Voice Teacher / Performance Coach / Director
Celeste received her BM in Voice from the Manhattan School of Music. As a vocal teacher and coach Celeste has worked with Adam Chandler-Beret, Chita Rivera, Didi Conn, Sally Kellerman, Loni Ackermann, Elaine Joyce Simon, actress Amy Irving, composer David Shire, American Idol’s Kimberly Locke, Dancing with the Stars’ Mark Ballas, Dream Theater’s Jordan Rudess, from the TV show Legacies Danielle Rose Russell, Broadway Empire’s and Netflix’s The Family Ben Rosenfeld, and Kristin Chenoweth. She has worked alongside Andrew Lloyd Weber and director Joel Schumacher as the NY vocal coach for Gerard Butler on the movie Phantom of the Opera. Celeste’s voice students have appeared on Broadway in The Lion King, Chicago, Gypsy, Nine, Wicked, Spamalot, Tarzan, The Color Purple, The Book of Mormon, Jersey Boys, Hollywood Arms with Carol Burnet, The Grinch, The Carnegie Hall concert version of South Pacific (starring Reba MacIntyre, Brian Stokes Mitchell and Alec Baldwin), West Side Story, Baby It’s You, Rent, Follies, Next to Normal, Billy Elliot, Peter and the Star Catcher, Shrek, Once, Newsies, Matilda, Beauty and The Beast, The Producers, and the 1st national of The Band’s Visit.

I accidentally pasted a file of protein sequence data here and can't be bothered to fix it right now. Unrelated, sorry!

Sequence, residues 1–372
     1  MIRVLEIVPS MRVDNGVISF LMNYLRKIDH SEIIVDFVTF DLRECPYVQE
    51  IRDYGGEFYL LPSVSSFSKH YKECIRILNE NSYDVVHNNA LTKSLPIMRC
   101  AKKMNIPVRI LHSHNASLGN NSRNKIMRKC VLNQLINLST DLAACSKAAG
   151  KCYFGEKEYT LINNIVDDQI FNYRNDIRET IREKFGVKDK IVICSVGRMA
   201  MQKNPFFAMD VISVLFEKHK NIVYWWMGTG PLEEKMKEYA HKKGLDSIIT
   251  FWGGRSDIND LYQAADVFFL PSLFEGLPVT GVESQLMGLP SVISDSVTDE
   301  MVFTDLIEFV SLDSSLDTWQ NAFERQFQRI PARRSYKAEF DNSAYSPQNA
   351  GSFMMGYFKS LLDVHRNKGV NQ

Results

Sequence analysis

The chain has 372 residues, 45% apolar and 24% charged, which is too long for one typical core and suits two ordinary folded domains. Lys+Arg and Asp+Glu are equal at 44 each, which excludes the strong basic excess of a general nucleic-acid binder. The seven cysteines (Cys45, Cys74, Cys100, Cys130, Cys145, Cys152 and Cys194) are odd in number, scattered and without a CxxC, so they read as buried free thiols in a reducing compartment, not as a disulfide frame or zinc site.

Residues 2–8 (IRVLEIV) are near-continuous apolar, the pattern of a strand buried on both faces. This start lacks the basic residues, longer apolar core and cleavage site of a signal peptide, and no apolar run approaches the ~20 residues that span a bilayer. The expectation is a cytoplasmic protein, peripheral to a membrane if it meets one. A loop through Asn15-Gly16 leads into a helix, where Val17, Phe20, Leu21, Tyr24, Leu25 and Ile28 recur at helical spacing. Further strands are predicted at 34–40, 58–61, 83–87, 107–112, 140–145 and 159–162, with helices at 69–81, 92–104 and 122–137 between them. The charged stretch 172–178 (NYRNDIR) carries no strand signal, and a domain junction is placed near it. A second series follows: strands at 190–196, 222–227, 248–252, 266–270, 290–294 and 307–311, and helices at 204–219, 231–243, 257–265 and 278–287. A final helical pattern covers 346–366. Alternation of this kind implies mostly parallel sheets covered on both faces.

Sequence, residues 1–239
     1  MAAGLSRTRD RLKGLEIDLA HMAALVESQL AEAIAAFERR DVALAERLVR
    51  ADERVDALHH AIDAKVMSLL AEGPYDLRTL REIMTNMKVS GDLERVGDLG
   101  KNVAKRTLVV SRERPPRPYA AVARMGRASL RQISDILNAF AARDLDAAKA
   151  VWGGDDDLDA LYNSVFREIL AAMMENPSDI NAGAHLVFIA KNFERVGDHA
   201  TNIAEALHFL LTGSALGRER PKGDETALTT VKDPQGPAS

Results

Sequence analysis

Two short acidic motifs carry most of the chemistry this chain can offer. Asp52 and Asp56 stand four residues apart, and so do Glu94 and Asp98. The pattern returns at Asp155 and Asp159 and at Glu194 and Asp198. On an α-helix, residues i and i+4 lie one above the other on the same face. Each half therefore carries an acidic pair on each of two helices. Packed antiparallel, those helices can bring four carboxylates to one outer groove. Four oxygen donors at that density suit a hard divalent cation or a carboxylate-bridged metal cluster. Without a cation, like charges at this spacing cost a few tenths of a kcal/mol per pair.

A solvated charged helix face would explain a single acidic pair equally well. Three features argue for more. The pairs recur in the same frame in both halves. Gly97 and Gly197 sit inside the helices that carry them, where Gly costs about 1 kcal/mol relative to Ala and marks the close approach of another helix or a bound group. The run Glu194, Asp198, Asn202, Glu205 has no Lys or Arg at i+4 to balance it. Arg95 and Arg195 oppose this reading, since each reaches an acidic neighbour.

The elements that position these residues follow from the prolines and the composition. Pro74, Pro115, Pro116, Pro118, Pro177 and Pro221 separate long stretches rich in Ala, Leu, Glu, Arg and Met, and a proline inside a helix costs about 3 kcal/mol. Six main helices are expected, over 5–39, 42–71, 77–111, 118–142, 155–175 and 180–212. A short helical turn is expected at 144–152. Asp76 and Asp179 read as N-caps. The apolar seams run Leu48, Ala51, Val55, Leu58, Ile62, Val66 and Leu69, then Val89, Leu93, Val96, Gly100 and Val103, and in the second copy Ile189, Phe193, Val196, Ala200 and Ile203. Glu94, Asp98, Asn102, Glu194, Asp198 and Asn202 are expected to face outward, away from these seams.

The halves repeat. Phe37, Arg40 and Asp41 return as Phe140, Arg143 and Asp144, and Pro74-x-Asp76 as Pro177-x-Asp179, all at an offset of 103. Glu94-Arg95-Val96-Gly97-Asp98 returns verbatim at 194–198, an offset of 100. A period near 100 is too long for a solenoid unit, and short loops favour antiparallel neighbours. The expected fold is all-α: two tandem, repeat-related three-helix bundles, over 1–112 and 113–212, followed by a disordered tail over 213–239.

Many of Celeste students have been nominated for The Roger Rees Award for Excellence in Student Performance. In 2018, student Alyssa McDonald took home the award.
Celeste is the one to go to when you want the best in Cabaret direction.”
- New York Times